Prayer, thought in its extreme, is dystopian irony. That is because it’s a radically pessimistic act, and thus act as such in its pure immanence. The act of praying comes into being, and perseveres in itself as that act, precisely by disavowing all that is (and, in advance, all that can and will be ‘that is’). For, when one prays, is it not for that which is not? And does that, therefore, not render prayer in its impersonal genericness as the pursuit of the real that is not mortal reality? It is thus an act that can only proceed through disavowal of all mortal hope, and is yet an act. Prayer, therefore, is an earthly, mortal act that proceeds both despite and because of the lack of mortal hope.
That prayer is an act constitutive of the negation of all mortal hope, even as it proceeds affirmatively precisely through such hope, renders it a dystopia that is ironical in its dystopianism. Prayer, therefore, is an act that is in its affirmation ceaseless precisely because its motor is that of absolute, unmitigated pessimism. Or, conversely, prayer is a mortal act that is impelled by a hope that is in excess of all hope one can be mortally conscious of. It’s driven in its affirmation, to borrow Kafka’s messianic language, by the fact of there being infinite hope that is not for us. It is, to borrow from Benjamin’s essay on Kafka, an act that proceeds in and through the dialectic of “rumour and folly”. In other words, it’s the dialectic of faith and doubt — or faith as doubt .
Thus prayer is not merely faith, it’s reason too. For, reason pushed to its radical extreme is nothing but the excess of all mortal (and moral-normative) determinations, the hope they induce, and their power. Prayer as this radically pessimistic — this ironically dystopian — act is the mode of singularisation of faith and reason (faith as the coming-into-being of reason a la Thomas Muenzer). Prayer then is the act that doubts the consciousness of hope of its concrete mortal agents through which it must nevertheless necessarily proceed.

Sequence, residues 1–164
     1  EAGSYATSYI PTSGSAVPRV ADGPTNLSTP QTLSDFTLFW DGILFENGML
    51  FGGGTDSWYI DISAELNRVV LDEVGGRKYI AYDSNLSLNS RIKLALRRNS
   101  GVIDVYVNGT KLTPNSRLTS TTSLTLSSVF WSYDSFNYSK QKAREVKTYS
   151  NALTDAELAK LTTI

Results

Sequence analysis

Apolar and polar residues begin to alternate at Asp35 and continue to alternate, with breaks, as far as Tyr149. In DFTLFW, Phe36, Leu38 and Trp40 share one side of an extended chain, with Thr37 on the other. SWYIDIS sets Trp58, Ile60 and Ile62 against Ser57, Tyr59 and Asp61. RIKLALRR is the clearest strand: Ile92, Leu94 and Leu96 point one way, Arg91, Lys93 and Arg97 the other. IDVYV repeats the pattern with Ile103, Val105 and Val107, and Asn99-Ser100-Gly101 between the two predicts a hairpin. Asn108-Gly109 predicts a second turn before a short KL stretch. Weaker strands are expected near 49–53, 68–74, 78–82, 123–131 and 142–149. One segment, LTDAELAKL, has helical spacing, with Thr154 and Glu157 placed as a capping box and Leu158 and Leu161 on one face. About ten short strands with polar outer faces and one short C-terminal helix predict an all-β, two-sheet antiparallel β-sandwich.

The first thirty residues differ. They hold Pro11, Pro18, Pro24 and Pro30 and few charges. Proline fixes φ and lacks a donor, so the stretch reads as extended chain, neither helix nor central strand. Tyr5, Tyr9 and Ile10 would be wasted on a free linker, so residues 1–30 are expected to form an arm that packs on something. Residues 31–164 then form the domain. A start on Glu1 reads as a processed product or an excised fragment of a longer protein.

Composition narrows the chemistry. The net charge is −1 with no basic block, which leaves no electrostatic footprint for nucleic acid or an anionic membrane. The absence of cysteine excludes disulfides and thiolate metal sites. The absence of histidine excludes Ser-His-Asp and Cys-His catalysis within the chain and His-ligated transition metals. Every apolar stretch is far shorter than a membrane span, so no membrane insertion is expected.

And what of redemption? Is that not the goal of prayer? Without doubt! But that goal of prayer is prayer itself: prayer as its own goal. Hence, redemption is the world as the act of prayer persevering in itself. More precisely, redemption is the world in and as the mode taking-place and thus in radical antagonism to world in and as the mode having-taken-place. For, insofar as the world in mode taking-place is interruption of the world in mode having-taken-place, it’s redemption. This is what a Spinozist utra-rationalist faith — seemingly an aporia — would arguably amount to. One that is far more rigorous in its post-phenomenological radicalism than the experiential and phenomenological radicalism of Nietzsche’s anti-rationalist “will to power”.
In such circumstances, one can speak legitimately of prayer as redemption — i.e. if prayer is not to remain mere illumination by existing only in the interiority of thought and experience, but appear as the in-existence/in-existing it thus is vis-a-vis the world in its existence/existing — only if one speaks the revolution. In other words, while prayer (as illumination) is the practice of thinking, and thus experiencing, the redemption to come, redemption, or revolution, is the prayer as its own immanent thought (or, experience) in action. So, revolution is fundamentally an affirmation, not a negation. Such affirmation is, however, not simply an assertion and celebration. It is, instead, the negativity or void in and as the time of its own determinate presentation or taking-place. and thus an excess of what exists. This is in radical contrast to negativity simply being the negation of what is. Revolution is, therefore, the actuality — or shall we say, profanation — of this ironically dystopian modality of prayer in its radical, and thus messianic and exilic, form. Therefore, revolution as its own affirmation can only be more revolution: Marx’s “revolution in permanence”.